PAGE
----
Poetry for creative expression of grief

So many different creative mediums

Often when we speak of using creativity in grief support, people assume that we mean painting and drawing. While the visual arts are one very accessible way of employing creativity (especially painting and drawing, but there are many other visual art forms), in our Certification in Creative Grief Support, we teach that there are many many other ways of being creative, and of using creativity to support processes of reviewing and re-creating meaning after loss. The written word is just one other creative medium, and of course there are many ways that one might use the written word too!

Writing as a creative medium

Writing can be a really great medium for your clients who have a lot to say, and find that the 60min or even 90min session is too short. These clients who are often quite detail-oriented and perhaps prefer a slower processing style often find that writing is a comfortable way to process and then be witnessed when their writing is shared. Writing can also be a more comfortable form of creativity for those who “fear” art-making or perhaps have been recruited into ideas about art-making either being a bit “childish” or needing to look good.

Reading for creativity

Related to writing is reading. You may have clients who’d prefer to read and reflect upon another author’s words about their grief experience, before trying to find their own words. Remember that it’s not about producing “impressive” or “good” written products. It’s all about helping your clients to use creativity to get into contemplative spaces, and to reflect upon and articulate their experiences and preferred future developments. Maybe you might simply invite a client to collect resonant quotes on the topic of grief, and to decorate these!

Narrative questions for creative exploration

Some ways you might offer your clients opportunities to explore their grief through writing include asking them:

  • Have you tried intersecting with poetry to see what meaning making can be found in the words of others?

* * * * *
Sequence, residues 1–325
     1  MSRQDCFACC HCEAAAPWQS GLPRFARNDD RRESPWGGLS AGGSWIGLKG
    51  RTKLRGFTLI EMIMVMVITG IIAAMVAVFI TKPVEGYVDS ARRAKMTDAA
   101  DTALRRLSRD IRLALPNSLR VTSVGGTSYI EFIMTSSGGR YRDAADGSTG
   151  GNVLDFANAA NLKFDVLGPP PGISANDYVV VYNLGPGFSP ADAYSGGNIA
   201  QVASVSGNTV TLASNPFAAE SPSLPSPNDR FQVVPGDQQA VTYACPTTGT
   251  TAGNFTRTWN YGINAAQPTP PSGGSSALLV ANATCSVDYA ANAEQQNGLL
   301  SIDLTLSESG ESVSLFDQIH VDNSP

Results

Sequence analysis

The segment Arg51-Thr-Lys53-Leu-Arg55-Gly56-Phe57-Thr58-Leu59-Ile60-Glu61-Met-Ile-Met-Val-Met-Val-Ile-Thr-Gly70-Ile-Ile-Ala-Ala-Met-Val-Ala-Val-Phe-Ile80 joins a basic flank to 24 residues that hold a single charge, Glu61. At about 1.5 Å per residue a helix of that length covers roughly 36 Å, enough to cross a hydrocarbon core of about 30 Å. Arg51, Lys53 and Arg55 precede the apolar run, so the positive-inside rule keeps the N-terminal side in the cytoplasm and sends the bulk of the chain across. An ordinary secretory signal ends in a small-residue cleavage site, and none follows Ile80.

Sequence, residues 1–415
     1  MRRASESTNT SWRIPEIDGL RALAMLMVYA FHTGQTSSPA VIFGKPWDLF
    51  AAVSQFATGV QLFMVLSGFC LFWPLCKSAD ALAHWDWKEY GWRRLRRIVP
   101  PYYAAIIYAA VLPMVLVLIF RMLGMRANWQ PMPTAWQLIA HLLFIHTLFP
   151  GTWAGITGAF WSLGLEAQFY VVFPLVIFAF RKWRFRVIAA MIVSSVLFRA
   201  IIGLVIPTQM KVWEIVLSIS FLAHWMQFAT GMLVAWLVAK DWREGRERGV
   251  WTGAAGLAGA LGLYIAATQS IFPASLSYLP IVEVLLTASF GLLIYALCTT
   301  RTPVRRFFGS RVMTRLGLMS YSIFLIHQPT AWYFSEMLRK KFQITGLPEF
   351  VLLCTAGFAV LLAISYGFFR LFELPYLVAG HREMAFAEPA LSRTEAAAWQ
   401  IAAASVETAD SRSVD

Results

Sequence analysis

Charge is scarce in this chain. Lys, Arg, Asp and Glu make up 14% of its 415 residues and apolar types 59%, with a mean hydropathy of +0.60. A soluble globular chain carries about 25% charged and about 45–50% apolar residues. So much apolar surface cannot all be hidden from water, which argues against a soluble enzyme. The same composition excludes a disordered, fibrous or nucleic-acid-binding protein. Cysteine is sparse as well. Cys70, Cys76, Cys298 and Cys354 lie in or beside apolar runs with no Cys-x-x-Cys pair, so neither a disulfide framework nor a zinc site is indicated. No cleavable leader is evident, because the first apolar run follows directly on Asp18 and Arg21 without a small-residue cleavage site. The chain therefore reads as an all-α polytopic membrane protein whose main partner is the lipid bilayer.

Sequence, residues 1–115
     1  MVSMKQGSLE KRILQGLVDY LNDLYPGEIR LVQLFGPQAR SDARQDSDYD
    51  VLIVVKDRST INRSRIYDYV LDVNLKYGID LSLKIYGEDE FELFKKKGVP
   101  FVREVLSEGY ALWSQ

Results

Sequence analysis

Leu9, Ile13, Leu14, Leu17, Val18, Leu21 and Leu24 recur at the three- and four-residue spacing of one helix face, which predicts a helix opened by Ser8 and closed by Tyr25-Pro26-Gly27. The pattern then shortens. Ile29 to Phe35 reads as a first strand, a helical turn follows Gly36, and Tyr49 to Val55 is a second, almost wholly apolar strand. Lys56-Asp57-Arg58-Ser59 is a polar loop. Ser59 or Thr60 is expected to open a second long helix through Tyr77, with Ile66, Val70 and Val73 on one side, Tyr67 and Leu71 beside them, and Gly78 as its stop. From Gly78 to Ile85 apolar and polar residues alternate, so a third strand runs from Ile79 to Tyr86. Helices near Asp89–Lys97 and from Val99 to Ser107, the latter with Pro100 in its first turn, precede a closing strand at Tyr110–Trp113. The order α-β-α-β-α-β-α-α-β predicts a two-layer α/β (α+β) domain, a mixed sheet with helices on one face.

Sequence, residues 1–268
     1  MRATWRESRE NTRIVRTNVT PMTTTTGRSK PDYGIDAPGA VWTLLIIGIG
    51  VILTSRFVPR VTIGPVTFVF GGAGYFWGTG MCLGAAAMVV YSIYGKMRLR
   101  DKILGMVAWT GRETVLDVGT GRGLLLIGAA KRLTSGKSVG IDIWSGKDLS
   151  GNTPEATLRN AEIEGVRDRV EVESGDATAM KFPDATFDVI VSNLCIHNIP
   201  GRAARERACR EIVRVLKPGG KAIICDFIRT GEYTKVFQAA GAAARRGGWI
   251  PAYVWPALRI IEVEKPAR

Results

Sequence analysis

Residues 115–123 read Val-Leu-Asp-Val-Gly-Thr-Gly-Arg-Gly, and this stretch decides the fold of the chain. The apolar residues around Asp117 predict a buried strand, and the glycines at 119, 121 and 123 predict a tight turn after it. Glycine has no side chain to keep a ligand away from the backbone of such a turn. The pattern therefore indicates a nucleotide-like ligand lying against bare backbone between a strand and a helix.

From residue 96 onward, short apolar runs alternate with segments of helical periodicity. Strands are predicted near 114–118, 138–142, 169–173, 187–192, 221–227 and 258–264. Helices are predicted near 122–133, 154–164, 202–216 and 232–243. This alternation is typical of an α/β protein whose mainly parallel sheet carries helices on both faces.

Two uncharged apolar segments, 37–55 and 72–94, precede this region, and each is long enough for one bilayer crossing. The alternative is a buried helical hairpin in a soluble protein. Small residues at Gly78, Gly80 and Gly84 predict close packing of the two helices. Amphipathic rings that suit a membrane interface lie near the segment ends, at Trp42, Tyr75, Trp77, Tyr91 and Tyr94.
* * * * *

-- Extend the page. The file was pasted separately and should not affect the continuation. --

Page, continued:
• Who are your favorite poets?
  • If you are on social media, have you ever asked others to share their favorites with you?
  • What metaphors for grief have held the most meaning for you?
  • How has poetry held a record of various lives or aspects of the grief experience for you?
  • Have you explored poetry prompts from sources like Walking On Alligators and other books?
  • Have you explored poetry as medicine as John Fox’s Poetic Institute has offered it?

And then consider your own use of story and poetry in your work:

  • Which have you given greater priority to: grief theory or poetry about grief?
  • How do you use poetry or quotes to open conversations or reflect back understanding or a sense of belonging to your clients?
  • How do you use metaphor in your conversations about grief?
  • What literature has been resonant, inspiring, or sustaining for you, in your own grief experiences and in your grief support work?
  • How could you draw closer to these sources of literary inspiration and sustenance?

Explore more about using creativity in grief support

Whether you’re an accomplished artist, simply have a curiosity for the role of creativity in grief support, or even have a fear of making art (maybe *especially* if you have a fear of making art!), you’ll find that our Certification in Creative Grief Support will expand your ideas about what creativity is and how it can be used to support people who are struggling with grief to make comforting, hopeful meanings after loss. Find out more about what’s covered in our 4-month online Certification in Creative Grief Support and apply to join the next class here.


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